Breast Problems and Self-Exam

Completing monthly breast exams may pick up problems early and save lives. There can be numerous causes of swelling, tenderness or lumps in the breasts. Some of these causes are:

  • Fibrocystic breast syndrome (noncancerous lumps). This is the most common cause of lumps in the breast.

  • Fibroadenoma breast tumors of unknown cause. These are noncancerous (benign) lumps.

  • Benign fatty tumors (lipomas).

  • Cancer of the breast.

By doing monthly breast exams, you get to know how your breasts feel and how they can change from month to month. This allows you to notice changes early. It can also offer you some reassurance that your breast health is good.

BREAST SELF-EXAM

There are a few points to follow when doing a thorough breast exam. The best time to examine your breasts is 5 to 7 days after your menstrual period is over. During menstruation, the breasts are lumpier, and it may be more difficult to pick up changes. If you do not menstruate, have reached menopause, or had a hysterectomy (uterus removal), examine your breasts the first day of every month. After 3 to 4 months, you will become more familiar with the variations of your breasts and more comfortable with the exam.

  • Perform your breast exam monthly. Keep a written record with breast changes or normal findings for each breast. This makes it easier to be sure of changes, so you do not need to depend only on memory for size, tenderness, or location. Try to do the exam at the same time each month, and write down where you are in your menstrual cycle, if you are still menstruating.

  • Look at your breasts. Stand in front of a mirror with your hands clasped behind your head. Tighten your chest muscles and look for asymmetry. This means a difference in shape or contour from one breast to the other, such as puckers, dips or bumps. Also, look for skin changes.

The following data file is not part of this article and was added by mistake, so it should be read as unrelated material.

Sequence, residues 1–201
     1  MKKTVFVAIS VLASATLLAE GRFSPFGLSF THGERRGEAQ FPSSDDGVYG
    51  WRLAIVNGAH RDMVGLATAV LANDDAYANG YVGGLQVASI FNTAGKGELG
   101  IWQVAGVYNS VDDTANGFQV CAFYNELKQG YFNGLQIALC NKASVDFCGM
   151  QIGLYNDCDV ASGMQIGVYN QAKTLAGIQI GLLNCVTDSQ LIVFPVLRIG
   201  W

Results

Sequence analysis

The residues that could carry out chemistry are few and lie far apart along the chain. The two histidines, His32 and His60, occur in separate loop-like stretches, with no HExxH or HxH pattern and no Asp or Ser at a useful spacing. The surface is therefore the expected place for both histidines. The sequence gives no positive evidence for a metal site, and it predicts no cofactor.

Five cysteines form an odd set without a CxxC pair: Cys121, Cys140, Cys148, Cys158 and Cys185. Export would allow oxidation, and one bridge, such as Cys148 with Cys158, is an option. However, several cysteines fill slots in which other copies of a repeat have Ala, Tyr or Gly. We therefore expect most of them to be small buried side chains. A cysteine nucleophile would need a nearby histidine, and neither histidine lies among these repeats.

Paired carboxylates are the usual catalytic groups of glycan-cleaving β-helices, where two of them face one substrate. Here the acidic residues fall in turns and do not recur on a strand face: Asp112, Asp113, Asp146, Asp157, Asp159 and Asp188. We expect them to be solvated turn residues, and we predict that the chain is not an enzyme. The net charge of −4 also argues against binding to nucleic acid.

• Lean forward with your hands on your hips. Again, look for symmetry and skin changes.

  • While showering, soap the breasts. Then, carefully feel the breasts with your fingertips, while holding the other arm (on the side of the breast you are examining) over your head. Do this with each breast, carefully feeling for lumps or changes. Typically, a circular motion with moderate fingertip pressure should be used.

  • Repeat this exam while lying on your back. Put your arm behind your head and a pillow under your shoulders. Again, use your fingertips to examine both breasts, feeling for lumps and thickening. Begin at the top of your breast, and go clockwise around the whole breast.

  • At the end of your exam, gently squeeze each nipple to see if there is any drainage of fluids. Look for nipple changes, dimpling, or redness.

  • Lastly, examine the upper chest and collarbone (clavicle) areas, and in your armpits.

It is not necessary to be alarmed if you find a breast lump. Most of them are not cancerous. However, it is necessary to see your caregiver if a lump is found, in order to have it looked at.